Should it go through, Digital, a company that was once one of the largest vendors of Unix software and non-Intel hardware, will become a subsidiary of the world leader in sales of Windows-Intel computers.
The agreement is less strange than ironic: Digital employs the largest field force of certified Windows NT professionals. Its acquisition by Compaq effectively means there will be a merger between the product leader and one of the service leaders.
The result of this consolidation, say many, is that the economies of scale will further tip toward Intel and Microsoft, making it even tougher for companies like Sun to match that platform in terms of research and revenue.
Of the two, Intel may be the biggest beneficiary since it needs the economies of scale more than Microsoft to finance the huge budgets which drive its chip business. "The economies of scale become more and more skewed toward Intel," said Ashok Kumar, semiconductor analyst at Loewenbaum & Company.
Moreover, the significance of these economies will increase in the future. Every new generation of processors costs two to three times more than the previous generation of chips to develop, in addition to the multibillion-dollar cost for chip plants. Competing technologies such as Sun Microsystems' Sparc, Silicon Graphics' MIPS, and Hewlett-Packard's PA-RISC architecture may be able to maintain some performance advantages, "but this will be harder and harder to justify" as development and manufacturing costs skyrocket.
Intel, on the other hand, can use its revenues from an ever-expanding base of the world's largest computer vendors to finance massive research and development budgets and the multibillion dollar chip plants.
In addition, Intel's next-generation 64-bit Merced chip will likely eliminate the performance advantage enjoyed by Sparc and other chips, and become the last nail in the coffin for many, if not all, competing technologies, according to analysts.
One of the key issues to watch in this regard will be what happens to Alpha, Digital's 64-bit processor technology, which forms the core of that company's high-end server technology. Digital had been moving away from its commitment to Alpha for some time, said many. Late last year, it transferred its chip fabrication plant to Intel in a far-reaching legal settlement, and agreed to support Intel's upcoming Merced platform.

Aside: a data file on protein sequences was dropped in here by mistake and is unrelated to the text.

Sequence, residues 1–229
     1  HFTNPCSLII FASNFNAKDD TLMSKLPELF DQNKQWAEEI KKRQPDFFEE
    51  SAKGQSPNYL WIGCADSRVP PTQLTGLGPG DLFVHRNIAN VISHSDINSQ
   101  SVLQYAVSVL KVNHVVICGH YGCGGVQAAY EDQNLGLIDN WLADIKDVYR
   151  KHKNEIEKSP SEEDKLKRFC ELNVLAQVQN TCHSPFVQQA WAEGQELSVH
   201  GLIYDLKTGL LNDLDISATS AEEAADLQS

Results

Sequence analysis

The merger with Compaq will likely only accelerate that process, speculated Chris Christiansen, an analyst at International Data Corporation.
While Compaq and Digital executives have said that the combined companies will stand behind Alpha, others believe that the support will be lukewarm. Alpha will exist as a viable platform, but probably not continue to grow.
The upshot: This may also point to the ultimate fate of other non-Intel platforms that simply can't keep up in terms of technology, the number of users, and development costs.
"Will they be able to grow revenues on it [Alpha server lines]? Probably not. Momentum will shift to the 'Wintel' camp with the appearance of Merced," said Kumar. Wintel refers to the computing platform based on Intel chips and Microsoft's Windows operating system.
"It's certainly not going to help Alpha," added Joe Barkan, research director at Gartner Group. "It will continue to be supported. It will continue to be produced, but it does not strengthen it, especially in the NT market."
On the Microsoft side, the deal will likely result in an incremental boost for Windows NT because it creates a large, multinational computer vendor seemingly dedicated to the promotion of the platform.
"I believe that the true asset in Compaq's acquisition is Digital's Multivendor Customer Service (MCS) unit," said Christiansen.
MCS was one of the first large integration organizations to embrace NT as a strategic platform. The division now boasts approximately 1,600 certified NT technicians, more than any other consulting organization.